Florida Drunk Driving Laws for Commercial Drivers (CDL)
Florida laws are harsh on driving under the influence (DUI) for all motorists, but they are even more severe when the driver holds a Commercial Driver’s License (CDL). If you operate a semi truck, you are held to a higher standard because of the size of the vehicle and the potential to cause devastating accidents. Talk to a skilled Florida DUI defense attorney if you were arrested for DUI as a CDL, and read on for some basic information you need to know.
Drunk Driving Laws for CDL Holders: For most Florida drivers, the legal limit for purposes of your blood alcohol concentration (BAC) is .08 percent. Recognizing that operating a semi takes more control, physical capacity, and cognitive abilities, the BAC for commercial drivers is half that amount at .04 percent.
However, your BAC is not the only grounds to arrest you for DUI in Florida. Police can also charge a driver, including a CDL holder, with drunk driving if he or she demonstrates impairment. This is a very subjective standard, yet an officer may arrest you if:
- There is an odor of alcohol in your vehicle or on your breath;
- You have difficulties answering questions or slur when you speak;
- Your eyes are glazed over;
- You perform poorly on field sobriety tests; or,
- You show any other signs of being under the influence of alcohol.
Penalties for a DUI Conviction for CDL Holders: The sanctions if you are a commercial driver apply whether the drunk driving charges are based upon impairment or your BAC. First, you are immediately placed on out-of-service status for 24 hours after your arrest. Then, there are additional implications for your CDL if you are actually convicted, including:
- Disqualification of your CDL for a period of one year; and,
- Disqualification up to three years if you were hauling hazardous substances at the time of your arrest.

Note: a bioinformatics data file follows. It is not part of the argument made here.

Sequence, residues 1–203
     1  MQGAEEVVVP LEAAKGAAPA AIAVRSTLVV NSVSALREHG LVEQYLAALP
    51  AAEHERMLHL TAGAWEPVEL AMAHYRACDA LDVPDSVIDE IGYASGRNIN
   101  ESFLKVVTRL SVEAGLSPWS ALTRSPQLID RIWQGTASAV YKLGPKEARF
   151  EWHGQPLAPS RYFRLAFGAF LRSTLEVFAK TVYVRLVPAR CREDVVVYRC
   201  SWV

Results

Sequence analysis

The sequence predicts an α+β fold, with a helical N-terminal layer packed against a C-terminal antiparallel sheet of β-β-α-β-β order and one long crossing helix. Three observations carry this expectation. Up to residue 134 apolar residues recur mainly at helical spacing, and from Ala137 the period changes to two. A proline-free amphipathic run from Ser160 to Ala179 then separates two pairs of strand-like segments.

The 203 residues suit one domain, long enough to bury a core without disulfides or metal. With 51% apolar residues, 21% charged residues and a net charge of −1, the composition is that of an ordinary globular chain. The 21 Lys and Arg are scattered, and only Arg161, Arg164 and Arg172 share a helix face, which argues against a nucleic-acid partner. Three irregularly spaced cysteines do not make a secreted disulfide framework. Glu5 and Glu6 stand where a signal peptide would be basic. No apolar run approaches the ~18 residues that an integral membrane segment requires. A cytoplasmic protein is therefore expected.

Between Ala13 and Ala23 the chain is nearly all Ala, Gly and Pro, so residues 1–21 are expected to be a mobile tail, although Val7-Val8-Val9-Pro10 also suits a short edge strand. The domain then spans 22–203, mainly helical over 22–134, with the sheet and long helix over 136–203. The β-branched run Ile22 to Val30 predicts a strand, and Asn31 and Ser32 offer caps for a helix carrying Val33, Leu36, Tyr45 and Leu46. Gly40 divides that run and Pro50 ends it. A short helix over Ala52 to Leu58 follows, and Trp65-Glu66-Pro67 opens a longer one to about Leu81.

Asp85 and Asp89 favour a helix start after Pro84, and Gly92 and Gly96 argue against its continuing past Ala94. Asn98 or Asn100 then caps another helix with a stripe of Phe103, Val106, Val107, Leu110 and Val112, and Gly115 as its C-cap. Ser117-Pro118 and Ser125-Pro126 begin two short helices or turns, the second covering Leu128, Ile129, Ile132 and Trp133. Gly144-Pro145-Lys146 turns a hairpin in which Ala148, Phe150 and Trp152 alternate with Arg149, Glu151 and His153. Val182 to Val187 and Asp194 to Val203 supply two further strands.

Of course, other penalties apply as part of the criminal case against you. Your conviction could also lead to:
- A fine up to $1,000;
- Jail time up to six months;
- Community service;
- The requirement to complete an alcohol evaluation and treatment program; and,
- A permanent criminal record.
Refusal to Blow: If you are requested to submit to a chemical test when police pull you over, and you refuse, the implications are even more severe. All drivers in Florida impliedly consent to a breath, blood, or urine test to determine BAC, including CDL holders. If you refuse, your CDL is suspended and you are disqualified to operate a commercial vehicle for one year, regardless of whether you are ultimately convicted for DUI.
Rely on a Florida Defense Attorney for Help with CDL DUI
If you were arrested for drunk driving as a commercial driver, you may already be experiencing the hardship from a 24-hour out-of-service status. It only gets worse if you are actually convicted for DUI as a CDL and can ultimately affect your livelihood. Please contact attorney Kevin J. Kulik to discuss your defense options. We can review your circumstances and tell you more after conducting a confidential consultation at our Fort Lauderdale office.